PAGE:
It has been said that if a mission statement is more than two or three words long, it either means that the organisation does not really know its purpose, or even if it does, no one else will. Let me give a few examples: glasnost, girl power, flower power, New Labour and the big society; I will not go on. Consequently, if a mission statement is going to work, it has to be pithy and memorable. Lord Reith’s “inform, educate and entertain” does the job, and has done it very effectively for a long time—everyone knows it.When the last charter renewal process landed the BBC with six rather wordy and worthy public purposes, it was not necessarily doing it a favour. Continue reading “Bishop of Chelmsford says BBC services need to reflect religious and community life of the nation”

Interpreting and explaining religion should be a key role of BBC, Bishop of Leeds tells Peers

On the 10th March 2016 the Bishop of Leeds, Rt Revd Nick Baines, spoke in a short debate on the BBC Charter Review. He expanded on these remarks in a subsequent blog post.

BpLeeds2The Lord Bishop of Leeds: My Lords, the BBC has three core purposes: to inform, to educate and to entertain. Will the Minister comment on a fourth purpose, which is to interpret? Diversity has been perceived in terms of regional diversity when one could also say that ethnic and religious diversity in the country need to be taken more seriously. Religion is a primary motivator of individuals and communities, inspiring and informing their political, economic, ethical and social behaviour.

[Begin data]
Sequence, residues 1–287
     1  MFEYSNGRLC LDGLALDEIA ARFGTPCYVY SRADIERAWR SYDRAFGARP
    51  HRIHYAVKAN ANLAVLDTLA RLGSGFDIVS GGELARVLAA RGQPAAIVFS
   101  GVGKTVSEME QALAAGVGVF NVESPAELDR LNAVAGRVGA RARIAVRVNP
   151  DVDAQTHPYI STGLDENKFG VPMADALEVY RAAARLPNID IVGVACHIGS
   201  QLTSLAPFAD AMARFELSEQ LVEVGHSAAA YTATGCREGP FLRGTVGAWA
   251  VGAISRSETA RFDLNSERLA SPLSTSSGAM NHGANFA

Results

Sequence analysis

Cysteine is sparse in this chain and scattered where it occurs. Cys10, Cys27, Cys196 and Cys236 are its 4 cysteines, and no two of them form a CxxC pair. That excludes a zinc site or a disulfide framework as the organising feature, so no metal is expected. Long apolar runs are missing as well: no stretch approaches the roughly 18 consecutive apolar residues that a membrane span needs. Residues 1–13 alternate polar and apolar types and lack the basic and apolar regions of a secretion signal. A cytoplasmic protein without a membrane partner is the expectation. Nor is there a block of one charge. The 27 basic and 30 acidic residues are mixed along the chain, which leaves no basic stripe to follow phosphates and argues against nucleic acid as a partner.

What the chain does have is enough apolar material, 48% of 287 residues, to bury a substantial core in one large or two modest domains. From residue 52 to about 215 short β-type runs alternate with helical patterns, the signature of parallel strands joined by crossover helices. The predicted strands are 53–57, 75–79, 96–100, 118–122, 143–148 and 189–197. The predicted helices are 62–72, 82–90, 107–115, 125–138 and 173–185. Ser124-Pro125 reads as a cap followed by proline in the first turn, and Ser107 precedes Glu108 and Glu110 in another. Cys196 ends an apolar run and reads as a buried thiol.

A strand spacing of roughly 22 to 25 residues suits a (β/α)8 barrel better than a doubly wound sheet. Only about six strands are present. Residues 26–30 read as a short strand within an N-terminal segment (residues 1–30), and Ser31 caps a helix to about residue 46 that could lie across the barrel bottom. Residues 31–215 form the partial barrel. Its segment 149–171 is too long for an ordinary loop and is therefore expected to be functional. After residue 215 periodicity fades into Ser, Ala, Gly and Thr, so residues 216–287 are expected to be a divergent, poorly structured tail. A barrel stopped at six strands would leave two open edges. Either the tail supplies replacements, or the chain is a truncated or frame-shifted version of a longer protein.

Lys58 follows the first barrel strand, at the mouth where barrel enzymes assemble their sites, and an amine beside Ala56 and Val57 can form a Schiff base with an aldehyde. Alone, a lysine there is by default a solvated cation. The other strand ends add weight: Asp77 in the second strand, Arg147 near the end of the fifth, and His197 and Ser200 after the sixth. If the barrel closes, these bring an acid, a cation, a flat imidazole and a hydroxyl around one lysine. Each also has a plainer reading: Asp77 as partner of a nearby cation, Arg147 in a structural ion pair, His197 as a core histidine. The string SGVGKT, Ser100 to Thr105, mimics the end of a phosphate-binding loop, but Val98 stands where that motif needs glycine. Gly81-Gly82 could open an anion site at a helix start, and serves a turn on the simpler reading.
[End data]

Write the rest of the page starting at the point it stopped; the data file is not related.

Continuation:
It needs to be interpreted. What the world looks like when seen through a particular religious lens needs to be taken more seriously. In July 2015, Ofcom expressed concern about the diminution of attention to religion in the BBC. Can the Minister assure us that this will be taken more seriously in the charter renewal? Continue reading “Interpreting and explaining religion should be a key role of BBC, Bishop of Leeds tells Peers”

Bishop of Norwich speaks in support of the BBC

“The BBC has plenty of the faults to be found in all large institutions, including government departments. It has a capacity to waste money on IT projects, but no more so than successive Governments. It can be complacent and bureaucratic, but so can the Church of England and the trade unions. What seems to irritate its opponents is its very success.” – Bishop of Norwich, 14/7/15

14.06.12 Bishop of Norwich

On 14th July 2015 the House of Lords debated the future of the BBC. The Bishop of Norwich, Rt Revd Graham James, a former member of the House of Lords Communications Committee, spoke supportively of the BBC, including its integral role in promoting British values. 

The Lord Bishop of Norwich: My Lords, it seems odd that a Government so keen to promote British values in our schools appear intent on reducing the capacity of a world-renowned British institution. The BBC is increasingly referred to as though it were part of the public sector. It is not. It is an organisation financed not from the public purse but by those who use it. The fact that many of them are also taxpayers is no more relevant than the fact that those who pay their energy bills are also taxpayers. Perhaps the winter fuel allowance will now be transferred to the energy companies. The logic seems impeccable given the precedent established last week.

Continue reading “Bishop of Norwich speaks in support of the BBC”